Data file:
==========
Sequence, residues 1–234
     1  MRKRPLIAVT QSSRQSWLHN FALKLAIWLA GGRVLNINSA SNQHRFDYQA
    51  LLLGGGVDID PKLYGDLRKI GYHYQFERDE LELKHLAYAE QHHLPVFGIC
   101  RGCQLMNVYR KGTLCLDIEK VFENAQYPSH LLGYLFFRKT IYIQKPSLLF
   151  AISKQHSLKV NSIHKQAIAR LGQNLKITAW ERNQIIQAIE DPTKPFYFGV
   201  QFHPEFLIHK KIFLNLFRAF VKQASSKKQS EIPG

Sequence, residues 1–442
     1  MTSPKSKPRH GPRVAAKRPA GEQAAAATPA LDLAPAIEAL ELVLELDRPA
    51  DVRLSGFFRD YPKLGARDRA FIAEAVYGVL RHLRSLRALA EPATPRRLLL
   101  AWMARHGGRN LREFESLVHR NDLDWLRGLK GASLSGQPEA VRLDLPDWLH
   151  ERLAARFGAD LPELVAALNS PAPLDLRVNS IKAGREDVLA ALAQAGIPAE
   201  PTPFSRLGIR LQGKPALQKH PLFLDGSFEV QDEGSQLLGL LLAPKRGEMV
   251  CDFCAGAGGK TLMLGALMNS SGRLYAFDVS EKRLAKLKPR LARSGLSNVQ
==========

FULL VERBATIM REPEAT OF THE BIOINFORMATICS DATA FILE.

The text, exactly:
Sequence, residues 1–234
     1  MRKRPLIAVT QSSRQSWLHN FALKLAIWLA GGRVLNINSA SNQHRFDYQA
    51  LLLGGGVDID PKLYGDLRKI GYHYQFERDE LELKHLAYAE QHHLPVFGIC
   101  RGCQLMNVYR KGTLCLDIEK VFENAQYPSH LLGYLFFRKT IYIQKPSLLF
   151  AISKQHSLKV NSIHKQAIAR LGQNLKITAW ERNQIIQAIE DPTKPFYFGV
   201  QFHPEFLIHK KIFLNLFRAF VKQASSKKQS EIPG

Sequence, residues 1–442
     1  MTSPKSKPRH GPRVAAKRPA GEQAAAATPA LDLAPAIEAL ELVLELDRPA
    51  DVRLSGFFRD YPKLGARDRA FIAEAVYGVL RHLRSLRALA EPATPRRLLL
   101  AWMARHGGRN LREFESLVHR NDLDWLRGLK GASLSGQPEA VRLDLPDWLH
   151  ERLAARFGAD LPELVAALNS PAPLDLRVNS IKAGREDVLA ALAQAGIPAE
   201  PTPFSRLGIR LQGKPALQKH PLFLDGSFEV QDEGSQLLGL LLAPKRGEMV
   251  CDFCAGAGGK TLMLGALMNS SGRLYAFDVS EKRLAKLKPR LARSGLSNVQ